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Clark, A. (2013). Expecting the world: Perception, prediction, and the origins of human knowledge. Journal of Philosophy, CX(9), 469–496. 
Resource type: Journal Article
Peer reviewed
BibTeX citation key: Clark2013
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Categories: General
Keywords: Ambiguity, perception, Perceptual hypotheses
Creators: Clark
Collection: Journal of Philosophy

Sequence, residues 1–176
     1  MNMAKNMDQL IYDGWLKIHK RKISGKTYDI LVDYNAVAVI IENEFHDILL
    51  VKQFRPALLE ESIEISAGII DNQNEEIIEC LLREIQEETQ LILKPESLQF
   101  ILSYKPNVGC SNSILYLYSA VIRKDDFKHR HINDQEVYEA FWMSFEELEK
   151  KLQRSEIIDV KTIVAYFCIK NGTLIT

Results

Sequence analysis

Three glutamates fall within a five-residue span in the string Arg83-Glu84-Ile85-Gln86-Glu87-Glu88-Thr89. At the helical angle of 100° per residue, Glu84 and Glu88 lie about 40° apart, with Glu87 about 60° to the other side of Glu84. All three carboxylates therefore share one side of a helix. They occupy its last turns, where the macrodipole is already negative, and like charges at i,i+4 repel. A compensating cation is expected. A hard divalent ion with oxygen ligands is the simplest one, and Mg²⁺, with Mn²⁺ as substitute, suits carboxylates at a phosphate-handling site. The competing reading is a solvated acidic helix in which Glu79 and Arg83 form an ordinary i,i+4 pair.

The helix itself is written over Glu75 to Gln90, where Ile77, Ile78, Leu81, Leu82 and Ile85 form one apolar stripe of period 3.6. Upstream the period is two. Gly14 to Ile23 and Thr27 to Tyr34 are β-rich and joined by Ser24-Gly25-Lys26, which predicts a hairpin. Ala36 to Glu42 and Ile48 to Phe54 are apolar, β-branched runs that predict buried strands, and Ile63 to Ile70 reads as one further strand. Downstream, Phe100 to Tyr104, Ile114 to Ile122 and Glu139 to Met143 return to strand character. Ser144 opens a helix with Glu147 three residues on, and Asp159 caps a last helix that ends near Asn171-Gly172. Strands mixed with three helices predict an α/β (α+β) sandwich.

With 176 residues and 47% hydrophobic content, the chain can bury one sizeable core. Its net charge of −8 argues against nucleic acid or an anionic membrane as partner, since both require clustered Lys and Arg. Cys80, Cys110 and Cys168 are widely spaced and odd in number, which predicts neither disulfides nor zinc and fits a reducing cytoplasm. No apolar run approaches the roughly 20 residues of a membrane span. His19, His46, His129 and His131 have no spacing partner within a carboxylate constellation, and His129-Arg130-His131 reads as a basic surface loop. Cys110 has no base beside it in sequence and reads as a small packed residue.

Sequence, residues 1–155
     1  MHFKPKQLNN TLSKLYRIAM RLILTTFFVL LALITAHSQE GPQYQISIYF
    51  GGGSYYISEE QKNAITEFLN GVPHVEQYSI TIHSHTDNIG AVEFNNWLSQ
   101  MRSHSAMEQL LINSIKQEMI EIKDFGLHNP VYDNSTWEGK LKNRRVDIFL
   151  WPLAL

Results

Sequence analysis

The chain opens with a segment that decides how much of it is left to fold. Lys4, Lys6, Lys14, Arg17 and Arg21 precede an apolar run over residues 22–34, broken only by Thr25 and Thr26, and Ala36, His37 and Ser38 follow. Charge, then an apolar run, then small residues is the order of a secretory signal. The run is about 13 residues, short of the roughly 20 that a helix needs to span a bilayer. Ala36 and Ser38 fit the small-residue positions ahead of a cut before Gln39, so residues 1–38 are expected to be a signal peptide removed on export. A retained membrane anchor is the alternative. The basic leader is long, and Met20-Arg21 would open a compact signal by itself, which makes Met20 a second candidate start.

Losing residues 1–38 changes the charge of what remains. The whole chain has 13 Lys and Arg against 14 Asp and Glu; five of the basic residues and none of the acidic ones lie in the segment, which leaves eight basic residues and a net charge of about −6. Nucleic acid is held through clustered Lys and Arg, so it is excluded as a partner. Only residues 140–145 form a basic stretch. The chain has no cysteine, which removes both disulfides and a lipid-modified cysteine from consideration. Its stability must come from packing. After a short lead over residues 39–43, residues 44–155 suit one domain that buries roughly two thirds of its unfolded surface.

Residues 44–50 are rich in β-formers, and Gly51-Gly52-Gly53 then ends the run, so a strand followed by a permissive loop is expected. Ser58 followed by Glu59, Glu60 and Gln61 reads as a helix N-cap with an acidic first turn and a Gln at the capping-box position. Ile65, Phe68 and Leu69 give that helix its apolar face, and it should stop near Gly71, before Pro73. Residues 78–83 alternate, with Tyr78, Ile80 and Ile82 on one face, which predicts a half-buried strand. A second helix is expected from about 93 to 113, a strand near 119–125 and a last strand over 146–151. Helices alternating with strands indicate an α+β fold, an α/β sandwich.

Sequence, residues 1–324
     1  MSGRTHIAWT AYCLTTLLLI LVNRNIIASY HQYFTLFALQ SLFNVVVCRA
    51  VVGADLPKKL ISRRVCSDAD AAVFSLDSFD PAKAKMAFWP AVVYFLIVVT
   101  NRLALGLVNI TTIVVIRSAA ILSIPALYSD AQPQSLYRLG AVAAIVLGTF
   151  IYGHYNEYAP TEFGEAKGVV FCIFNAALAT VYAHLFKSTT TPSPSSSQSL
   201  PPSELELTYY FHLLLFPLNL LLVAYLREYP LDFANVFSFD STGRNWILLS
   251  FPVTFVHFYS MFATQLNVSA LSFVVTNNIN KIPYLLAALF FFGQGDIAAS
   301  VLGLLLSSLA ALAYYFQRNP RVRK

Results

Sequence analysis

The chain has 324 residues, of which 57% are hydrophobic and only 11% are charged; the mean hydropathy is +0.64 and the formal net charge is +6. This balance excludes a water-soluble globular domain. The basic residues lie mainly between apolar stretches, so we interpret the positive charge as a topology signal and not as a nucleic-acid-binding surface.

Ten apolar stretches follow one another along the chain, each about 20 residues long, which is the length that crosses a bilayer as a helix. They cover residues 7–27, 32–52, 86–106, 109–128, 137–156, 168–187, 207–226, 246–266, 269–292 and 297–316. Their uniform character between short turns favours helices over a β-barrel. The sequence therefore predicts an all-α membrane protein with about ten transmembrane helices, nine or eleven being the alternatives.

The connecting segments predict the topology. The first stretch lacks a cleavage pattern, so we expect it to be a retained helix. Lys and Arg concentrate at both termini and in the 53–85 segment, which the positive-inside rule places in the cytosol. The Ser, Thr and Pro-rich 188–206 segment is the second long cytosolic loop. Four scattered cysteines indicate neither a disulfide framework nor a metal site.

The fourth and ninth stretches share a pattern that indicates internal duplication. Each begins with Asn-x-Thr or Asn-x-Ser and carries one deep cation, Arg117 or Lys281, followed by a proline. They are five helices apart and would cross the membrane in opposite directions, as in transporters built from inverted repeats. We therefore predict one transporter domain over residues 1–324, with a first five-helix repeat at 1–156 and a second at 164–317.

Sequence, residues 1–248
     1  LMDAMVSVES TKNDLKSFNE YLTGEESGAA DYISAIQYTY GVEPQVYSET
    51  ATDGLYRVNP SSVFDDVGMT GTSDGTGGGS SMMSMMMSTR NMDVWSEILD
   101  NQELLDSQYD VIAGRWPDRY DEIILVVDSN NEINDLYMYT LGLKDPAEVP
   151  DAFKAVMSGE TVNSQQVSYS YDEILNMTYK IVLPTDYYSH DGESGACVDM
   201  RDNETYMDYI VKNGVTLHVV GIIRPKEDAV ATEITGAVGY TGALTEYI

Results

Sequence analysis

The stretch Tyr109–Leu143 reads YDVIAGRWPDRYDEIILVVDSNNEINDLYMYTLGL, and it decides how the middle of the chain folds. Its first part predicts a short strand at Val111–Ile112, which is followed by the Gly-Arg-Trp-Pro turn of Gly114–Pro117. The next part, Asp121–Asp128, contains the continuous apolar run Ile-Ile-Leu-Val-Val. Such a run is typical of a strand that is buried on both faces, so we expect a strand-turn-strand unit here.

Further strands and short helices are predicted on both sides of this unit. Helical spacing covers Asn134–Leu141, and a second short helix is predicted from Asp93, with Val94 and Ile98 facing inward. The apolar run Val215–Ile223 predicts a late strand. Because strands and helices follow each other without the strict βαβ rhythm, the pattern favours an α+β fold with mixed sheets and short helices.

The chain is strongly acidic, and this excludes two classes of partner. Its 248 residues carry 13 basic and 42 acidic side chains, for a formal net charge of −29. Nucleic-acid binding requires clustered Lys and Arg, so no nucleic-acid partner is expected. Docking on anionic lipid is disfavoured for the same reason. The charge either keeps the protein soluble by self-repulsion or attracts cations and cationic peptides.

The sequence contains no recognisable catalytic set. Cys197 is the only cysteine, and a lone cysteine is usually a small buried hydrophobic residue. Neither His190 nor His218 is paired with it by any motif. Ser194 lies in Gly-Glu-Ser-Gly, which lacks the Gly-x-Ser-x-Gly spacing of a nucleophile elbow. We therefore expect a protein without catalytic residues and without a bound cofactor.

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"Perception, I shall argue, is the successful prediction of the current sensory signal using stored knowledge about the world. This model of perception is increasingly common in cognitive scientific discourse. But it has so far made little impact on philosophical theorizing. Nonetheless, the model has intuitive appeal, is backed by increasing neuroscientific evidence, and has been shown to be computationally effective. It depicts the perceptual process as involving the Bayesian estimation of distal properties and features. If correct, it explains why perception, although carried out by the brain, cannot help but reach out to a distal world; it shows why that 'reaching out' reveals a world that is already structured and to that extent (weakly) ‘conceptualized’; and it offers a new and powerful tool for thinking about debates concerning the origins and development of abstract knowledge."
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